An Ocular Prostheses, or prosthetic eye, replaces a missing or highly damaged natural eye following serious disease or injury. Though prosthetic eyes do not restore vision, they are an essential part of the healing process for those who have lost their natural eye. The prosthetics provide support for the muscles and bones of the eye socket and allow a person’s face to retain its natural structure. Prosthetic eyes also maintain the natural look of the face by filling the empty eye socket with a realistic glass or acrylic eye, allowing people to retain their facial expression and function and therefore play a crucial role in helping them — especially children — to regain their confidence and to maintain their social and emotional connections with others in school, at work and in their community.
Prosthetic eyes are expensive and need to be replaced often for children as they grow. The medical costs for an individual or family needing a prosthetic eye can often be more than they can afford. For adults, prosthetic eyes require replacement every two years, but as children grow they require a replacement for their prosthetic eyes every six months to one year, creating large medical bills out of reach for most Armenian families.
To offset these costs, the United Nations Women’s Guild and Mrs. Annette Hayrapetian of New York along with other EyeCare Project donors have assisted with financial help for families in need. From 2011, when the Prosthetic Eye Program was established, through 2017, the EyeCare Project has provided prosthetic eye replacements for 26 children and three adults for a total of 51 eyes — several children received more than one prosthetic eye.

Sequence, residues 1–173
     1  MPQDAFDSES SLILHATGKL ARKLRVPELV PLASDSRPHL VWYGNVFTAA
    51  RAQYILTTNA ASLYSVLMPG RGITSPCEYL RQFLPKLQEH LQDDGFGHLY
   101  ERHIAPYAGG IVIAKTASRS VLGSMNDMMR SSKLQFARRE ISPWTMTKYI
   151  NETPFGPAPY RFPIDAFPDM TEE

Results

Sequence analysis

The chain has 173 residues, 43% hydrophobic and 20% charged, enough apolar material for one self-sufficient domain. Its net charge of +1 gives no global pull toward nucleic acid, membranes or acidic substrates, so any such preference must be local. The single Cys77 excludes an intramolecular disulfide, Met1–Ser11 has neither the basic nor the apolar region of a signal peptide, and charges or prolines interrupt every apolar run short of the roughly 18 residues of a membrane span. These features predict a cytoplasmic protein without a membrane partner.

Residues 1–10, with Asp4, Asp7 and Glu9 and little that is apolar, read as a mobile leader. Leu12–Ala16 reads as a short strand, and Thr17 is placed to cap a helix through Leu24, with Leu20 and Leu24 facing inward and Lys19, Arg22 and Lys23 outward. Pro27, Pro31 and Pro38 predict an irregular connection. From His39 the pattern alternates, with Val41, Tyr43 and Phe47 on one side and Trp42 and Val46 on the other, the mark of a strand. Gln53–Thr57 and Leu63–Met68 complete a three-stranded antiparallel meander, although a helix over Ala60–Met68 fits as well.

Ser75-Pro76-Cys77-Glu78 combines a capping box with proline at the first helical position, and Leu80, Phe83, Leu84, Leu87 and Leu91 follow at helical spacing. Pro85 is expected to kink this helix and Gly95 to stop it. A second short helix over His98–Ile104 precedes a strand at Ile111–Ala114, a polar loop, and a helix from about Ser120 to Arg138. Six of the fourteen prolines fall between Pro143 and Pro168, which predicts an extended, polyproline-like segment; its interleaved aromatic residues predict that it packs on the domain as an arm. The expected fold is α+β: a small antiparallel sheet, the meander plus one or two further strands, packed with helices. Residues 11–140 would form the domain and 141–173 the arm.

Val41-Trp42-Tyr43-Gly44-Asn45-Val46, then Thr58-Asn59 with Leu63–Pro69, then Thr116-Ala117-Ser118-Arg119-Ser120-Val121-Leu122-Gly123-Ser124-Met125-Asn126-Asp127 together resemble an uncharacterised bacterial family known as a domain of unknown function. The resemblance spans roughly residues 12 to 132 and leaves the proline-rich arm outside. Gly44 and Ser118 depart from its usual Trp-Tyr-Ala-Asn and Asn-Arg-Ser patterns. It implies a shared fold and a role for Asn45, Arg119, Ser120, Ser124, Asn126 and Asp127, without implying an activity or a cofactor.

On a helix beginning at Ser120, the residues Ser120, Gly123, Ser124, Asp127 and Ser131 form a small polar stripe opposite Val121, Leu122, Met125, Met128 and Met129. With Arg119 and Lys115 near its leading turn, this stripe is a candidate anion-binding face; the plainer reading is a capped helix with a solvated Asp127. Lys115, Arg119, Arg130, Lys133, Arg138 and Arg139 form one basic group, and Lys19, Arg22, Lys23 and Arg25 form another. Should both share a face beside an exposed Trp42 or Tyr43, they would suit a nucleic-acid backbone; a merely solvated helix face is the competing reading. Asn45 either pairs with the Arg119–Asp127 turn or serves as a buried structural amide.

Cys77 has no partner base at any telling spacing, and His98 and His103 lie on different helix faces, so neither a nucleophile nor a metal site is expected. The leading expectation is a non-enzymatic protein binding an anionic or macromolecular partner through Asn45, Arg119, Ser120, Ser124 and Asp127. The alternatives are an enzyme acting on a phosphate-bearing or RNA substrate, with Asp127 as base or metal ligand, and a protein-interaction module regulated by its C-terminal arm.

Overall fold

Alex Ghukasyan, 4-years-old, Receives a Prosthetic Eye. At first glance nothing differentiates Alex from other children his age. He is an active child who attends kindergarten and enjoys playing with his brothers and sisters and neighborhood children. However, since he was a baby, Alex has experienced a number of eye problems. After he was born, Alex was diagnosed with inborn endophthalmitis in his left eye. Despite six attempts at successful surgery, the doctors the surgeons were unable to save his eye. Finally, doctors recommended that Alex have his eye removed.
In the beginning Alex experienced discomfort and complications wearing his prosthetic eye. His parents, Karen and Manya, needed to watch Alex closely because he could easily injure his prosthetic eye while playing or by getting something into his eye. However, as time went by, Alex became used to his prosthetic eye and learned to be more careful while playing.
After Alex became accustomed to his prosthetic eye the major issue for his family was the cost of the eye replacements, which needs to be replaced every five to six months for children. Alex’s family lives in poor social conditions and has no stable income. In September, 2017, Alex received his second prosthetic eye with a generous donation from the UN Women’s Guild. His mother said the family is most grateful — “I see Alex is not ashamed of his eye and without this wonderful opportunity he could experience harmful social isolation from his peers.”